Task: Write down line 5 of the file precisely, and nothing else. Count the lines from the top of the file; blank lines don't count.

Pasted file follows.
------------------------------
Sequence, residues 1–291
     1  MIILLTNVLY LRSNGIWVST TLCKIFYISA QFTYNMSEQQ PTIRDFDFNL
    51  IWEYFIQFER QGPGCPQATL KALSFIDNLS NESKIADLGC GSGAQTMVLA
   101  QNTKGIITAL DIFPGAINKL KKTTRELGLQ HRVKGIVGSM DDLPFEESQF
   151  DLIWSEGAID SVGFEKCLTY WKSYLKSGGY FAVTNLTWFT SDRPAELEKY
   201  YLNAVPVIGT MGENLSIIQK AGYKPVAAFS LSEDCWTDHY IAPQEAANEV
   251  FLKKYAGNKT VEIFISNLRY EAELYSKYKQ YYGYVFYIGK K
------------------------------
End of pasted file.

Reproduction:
   151  DLIWSEGAID SVGFEKCLTY WKSYLKSGGY FAVTNLTWFT SDRPAELEKY